Sedona, Arizona, HDR, -2 EV
Sedona, Arizona, HDR, -2 EV

Let’s say a shutter speed of 1/400th of a second is what’s needed so that I can see detail in the clouds.  We will keep this photo as the first in the series, because it correctly captures just the clouds.

So now that we’ve established that 1/400th is the exposure that accurately captures the highlights, it’s time to take the other photos. This is pretty straightforward. Just set the shutter speed for two stops brighter and take another shot. In this case, two stops brighter is 1/100th second. Set the shutter and take the shot. Here's the middle exposure:

Sedona, Arizona, HDR, Normal EV
Sedona, Arizona, HDR, Normal EV

Note how the main rock is now pretty close to a good exposure (though still a little dark) and the brightest parts of the grasses and fence are also at a good exposure.  Also note that now we've blown out the clouds -- they are very overexposed.  We also still do not have enough detail in the shadows and darker areas -- this photo is still not bright enough.  On its own, although this picture captures some of the grass and the rock at a good exposure, it is for the most part unusable due to the blown out clouds and dark shadows.

Now we need one final shot that’s two more stops brighter. Set the shutter speed to 1/25th second and take the shot.  Here's the exposure at two stops brighter:

Sedona, Arizona, HDR, +2 EV
Sedona, Arizona, HDR, +2 EV

Note how the sky is completely and utterly blown out, the rocks are fairly overexposed, but the shadows of the fence and the darker parts of the grasses are now correctly exposed.  Like the other two shots, on its own, this shot is unusable.  However, it correctly captures the darker areas of the scene.

In most circumstances, you’ll be done here. If you look at the third shot and there are still areas that look dark and underexposed, you can take a fourth shot that’s two stops brighter still (1/6th) and so on. Once you’ve captured a series of shots that contains all the ranges of brightness from dark to bright, you’re all set and ready to move on to the next phase, which is combining the shots on the computer. But first, let’s talk a little bit about auto-exposure-bracketing.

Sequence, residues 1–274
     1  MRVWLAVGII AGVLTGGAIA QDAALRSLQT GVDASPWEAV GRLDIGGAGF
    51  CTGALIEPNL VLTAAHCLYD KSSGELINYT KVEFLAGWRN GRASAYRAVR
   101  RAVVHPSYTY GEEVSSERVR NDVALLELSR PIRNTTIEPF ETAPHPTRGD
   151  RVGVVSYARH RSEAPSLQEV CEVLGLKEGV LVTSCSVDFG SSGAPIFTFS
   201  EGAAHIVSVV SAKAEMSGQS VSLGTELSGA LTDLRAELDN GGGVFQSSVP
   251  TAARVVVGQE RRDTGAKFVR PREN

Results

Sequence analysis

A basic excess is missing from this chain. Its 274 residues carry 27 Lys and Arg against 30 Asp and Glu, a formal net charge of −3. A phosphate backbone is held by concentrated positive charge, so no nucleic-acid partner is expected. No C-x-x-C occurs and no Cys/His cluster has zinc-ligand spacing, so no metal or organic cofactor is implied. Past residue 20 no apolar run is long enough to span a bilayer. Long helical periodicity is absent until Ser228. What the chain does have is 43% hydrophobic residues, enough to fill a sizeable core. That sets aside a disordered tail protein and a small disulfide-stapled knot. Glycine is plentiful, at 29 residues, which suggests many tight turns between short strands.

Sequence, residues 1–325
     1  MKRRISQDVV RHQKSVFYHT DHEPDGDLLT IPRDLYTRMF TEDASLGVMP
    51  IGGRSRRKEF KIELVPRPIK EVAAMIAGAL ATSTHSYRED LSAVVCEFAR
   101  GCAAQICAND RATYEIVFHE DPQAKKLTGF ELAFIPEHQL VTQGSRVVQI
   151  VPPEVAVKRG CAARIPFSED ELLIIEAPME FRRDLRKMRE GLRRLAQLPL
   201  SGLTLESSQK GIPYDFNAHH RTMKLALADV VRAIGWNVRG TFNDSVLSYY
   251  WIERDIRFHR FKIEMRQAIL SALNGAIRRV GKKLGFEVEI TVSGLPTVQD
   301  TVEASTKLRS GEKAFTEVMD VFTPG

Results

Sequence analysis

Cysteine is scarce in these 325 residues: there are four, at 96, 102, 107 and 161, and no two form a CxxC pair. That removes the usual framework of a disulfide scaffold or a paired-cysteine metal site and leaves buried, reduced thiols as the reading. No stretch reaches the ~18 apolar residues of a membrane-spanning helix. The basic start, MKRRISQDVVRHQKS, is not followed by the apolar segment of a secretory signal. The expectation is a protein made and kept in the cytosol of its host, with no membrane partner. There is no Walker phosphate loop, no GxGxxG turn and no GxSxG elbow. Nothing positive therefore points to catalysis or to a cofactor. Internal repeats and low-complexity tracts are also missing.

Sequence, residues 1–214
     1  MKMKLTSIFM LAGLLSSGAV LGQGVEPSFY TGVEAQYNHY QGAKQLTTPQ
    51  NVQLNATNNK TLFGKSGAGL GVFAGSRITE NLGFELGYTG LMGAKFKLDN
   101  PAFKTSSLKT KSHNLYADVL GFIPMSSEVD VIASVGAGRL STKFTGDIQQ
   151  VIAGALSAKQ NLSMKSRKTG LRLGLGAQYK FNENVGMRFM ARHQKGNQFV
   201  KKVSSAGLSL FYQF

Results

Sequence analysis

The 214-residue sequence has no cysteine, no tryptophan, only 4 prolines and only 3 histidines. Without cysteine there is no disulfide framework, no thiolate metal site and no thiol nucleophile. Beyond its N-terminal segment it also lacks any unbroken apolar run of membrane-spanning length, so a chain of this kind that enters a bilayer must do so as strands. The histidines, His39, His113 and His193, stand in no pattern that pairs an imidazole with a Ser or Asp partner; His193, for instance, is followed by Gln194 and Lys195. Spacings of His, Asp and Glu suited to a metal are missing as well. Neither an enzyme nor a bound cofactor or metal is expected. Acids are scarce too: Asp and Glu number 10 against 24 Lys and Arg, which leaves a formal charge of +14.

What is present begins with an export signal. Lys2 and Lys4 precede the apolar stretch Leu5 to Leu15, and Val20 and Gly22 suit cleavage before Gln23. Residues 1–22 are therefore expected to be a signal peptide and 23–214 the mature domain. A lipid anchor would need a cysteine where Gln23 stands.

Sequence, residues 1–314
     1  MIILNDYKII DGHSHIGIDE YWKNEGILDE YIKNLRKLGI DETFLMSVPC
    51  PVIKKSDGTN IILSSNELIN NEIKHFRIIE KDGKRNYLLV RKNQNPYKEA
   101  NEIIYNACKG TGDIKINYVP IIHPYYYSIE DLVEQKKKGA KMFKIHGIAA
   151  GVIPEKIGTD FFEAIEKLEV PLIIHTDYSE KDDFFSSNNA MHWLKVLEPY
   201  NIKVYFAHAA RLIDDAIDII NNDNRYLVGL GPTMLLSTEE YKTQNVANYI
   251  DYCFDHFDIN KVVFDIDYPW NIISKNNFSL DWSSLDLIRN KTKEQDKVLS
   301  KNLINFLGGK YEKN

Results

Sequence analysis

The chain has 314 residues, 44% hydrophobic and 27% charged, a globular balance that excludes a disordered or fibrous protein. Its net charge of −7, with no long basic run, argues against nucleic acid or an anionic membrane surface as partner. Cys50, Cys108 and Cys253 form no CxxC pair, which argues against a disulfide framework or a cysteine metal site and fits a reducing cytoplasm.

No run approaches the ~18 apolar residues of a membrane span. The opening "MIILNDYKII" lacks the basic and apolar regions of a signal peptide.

This next paragraph talks about auto-exposure-bracketing, which is completely optional and not “necessary” for HDR, but it will make your life a bit easier. If your camera has this feature, read on. Otherwise, feel free to skip this paragraph.  Auto-bracketing is something you may already be familiar with, if your camera has this feature (many newer cameras do). It was originally designed simply as a way to ensure you cover your bases when shooting in tricky lighting situations. If you’re not sure of the correct exposure for a scene, you can set your camera to auto-bracket the shot, which means it will take three shots for you. The first time you press the shutter, the camera will take a photo at the exposure you set. Then you press the shutter again, and it will take another shot, but this time it will be a little darker than the original shot. The third time you press the shutter, it will take a shot that is a little brighter than the original. You specify how much brighter / darker, in stops, when you set up the bracketing. For instance, you can set up auto-bracketing to take three shots, one at the target exposure, and then a shot that is one-stop brighter, and a shot that is one-stop darker. This way, if it turns out that you incorrectly calculated the target exposure, you may still have a correctly exposed photograph in one of the two bracketed shots. It’s basically an insurance policy for exposure mistakes! The best part is, you can set it so that the camera takes all three shots in a row automatically. On my cameras, when I use the remote control, if the camera is set to auto-exposure-bracket, it takes all three shots in a row automatically with one button press. So you press the remote control button one time, and voila, three shots at varying brightness levels. I’m sure you can guess where this is going. It’s absolutely perfect for HDR! Especially because the shots are taken so quickly in succession. Even if there are objects moving in the frame, the three shots are taken so quickly that it may be barely noticeable. Using our previous example, this is how I would set it up. To start, you’ll want to turn off the auto-bracketing so you can determine the target exposures. Experiment with various shutter speeds to determine the shutter speed that captures the highlights accurately, as we did before, and make a mental note of it. In our previous example, it was 1/400th second. Now set the shutter speed on your camera for two-stops brighter than that shutter speed you just noted. In our case, that would be 1/100th second. Now go ahead and turn on the auto-bracketing feature, set it for +/- two stops (meaning that the camera will take one shot at the target exposure, one shot that is two stops darker, and one shot that is two stops brighter), and take the shots. It will take the first shot at 1/100th, the next shot at 1/400th, and the final shot at 1/25th. Perfect! You’ve just completely taken the correct series of shots with a single button press! Notice how it’s the same exact exposures that you had set manually above during the first example, except it’s all automatic. Fantastic. If your camera has auto-bracketing, of course I suggest you use it. If not, no worries. You can always just set the exposures manually, and unless your camera can be set to take more than three shots in a bracket (most cannot), you would need to set the exposure manually anyway if you needed a fourth of fifth shot to complete the series. You can also use auto-bracketing if you want to try to handhold an HDR shot. Set the camera to auto-bracket and then set the shooting mode to continuous (like sports mode, meaning it will continue taking multiple shots for as long as you hold down the shutter button). On my cameras, if it’s set to auto-bracket and continuous mode, holding the shutter button down will take three shots in very rapid succession at the correct exposures. If the shutter speeds are fast enough (for instance, 1/400th, 1/800th, and 1/100th), it is possible to handhold an HDR shot, but you must be sure to remain perfectly still when taking the shots so that camera doesn’t move at all in between shots.